The Project

Costs and Savings of Geothermal Heating and Cooling

Simply put, the cost of geothermal heating and cooling installation is higher than a traditional systems. There's the drilling and ground loop tubing, and then the heat pump system itself. Based on our research, and talking with people who have residential geothermal systems, we think it is worth the investment.

Initial Cost of Geothermal Heating and Cooling Installation

Expect to spend around $20,000 for a complete geothermal heating and cooling system. Yes, geothermal costs a lot of money, but it is cheaper than many new cars. Most estimates say it takes three to seven years to pay it off. I'm guessing it will be longer for us since we were using natural gas (which is cheaper than propane or heating oil) prior to the geothermal system so our savings won't be as dramatic as others might experience.

The ground loops are guaranteed for 50 years, and the heat pump itself is supposed to last longer than a conventional system. For one thing, the air conditioner is indoors, not exposed to the wear of the elements outside. The initial cost of geothermal heating and cooling installation seems more bearable when you factor in the longevity of a geothermal heating and cooling system.

One factor in our favor was a grant program from the State of Maryland, which offset some of the cost. The Maryland State Legislature has increased the grant amount to a maximum of $3K for residential geothermal installations (be sure to check since these things change over time—as of 2011 the max was 2K). Other states have incentives as well.

Savings and Benefits

Calculating energy and cost savings for our geoexchange system over the past four years turned out to be a challenging task. Fluctuating gas and electricity prices, weather differences, energy-saving changes to our home, and other factors needed to be considered. As a result, this analysis provides a broad look at how our heating and cooling costs changed.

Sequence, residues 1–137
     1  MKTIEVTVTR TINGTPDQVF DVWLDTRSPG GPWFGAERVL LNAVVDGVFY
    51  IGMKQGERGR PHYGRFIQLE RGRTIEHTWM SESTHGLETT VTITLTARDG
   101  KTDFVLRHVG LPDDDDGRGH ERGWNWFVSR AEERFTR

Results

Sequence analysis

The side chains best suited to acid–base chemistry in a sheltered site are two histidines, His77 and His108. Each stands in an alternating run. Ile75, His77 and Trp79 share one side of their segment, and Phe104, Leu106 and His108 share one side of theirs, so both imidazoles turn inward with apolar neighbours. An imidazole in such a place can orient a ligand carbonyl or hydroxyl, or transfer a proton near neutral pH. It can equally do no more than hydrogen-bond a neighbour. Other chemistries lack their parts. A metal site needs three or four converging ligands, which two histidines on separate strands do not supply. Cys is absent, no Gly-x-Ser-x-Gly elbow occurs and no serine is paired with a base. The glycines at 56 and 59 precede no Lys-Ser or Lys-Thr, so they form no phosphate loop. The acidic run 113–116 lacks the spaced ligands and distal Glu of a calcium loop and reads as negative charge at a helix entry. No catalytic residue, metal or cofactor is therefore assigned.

Although energy savings are the focus of this analysis, comfort is also of prime importance. For home heating we don't feel any difference compared to our former natural gas furnace. Air conditioning is far superior with geoexchange. The house cools quicker and the humidity drops faster. AC was also where the largest savings were in our analysis. Because of this efficiency, we tend to run the AC more in the summer. This represents a significant increase in comfort during the summer months.

We were surprised to find that our system did not produce savings in the 30-70% range suggested by many geoexchange vendors and articles. It is possible that our analysis is faulty but looking at dollars spent each year we are only saving 13% with geoexchange. However, it's a much more efficient system, using about 50% less energy year-round. Any comments on our analysis are most welcome.

A few things to consider:

  • Shifting from fuel oil, propane, or heating with electricity to geoexchange will likely produce much larger savings.
  • A geoexchange system lasts about twice as long as a standard system. This was not calculated in our cost analysis but is an important consideration.
  • We use more electricity now, and electricity has a bigger carbon footprint than natural gas. Our share of emissions would be larger than before if we weren't signed up for 100% wind power.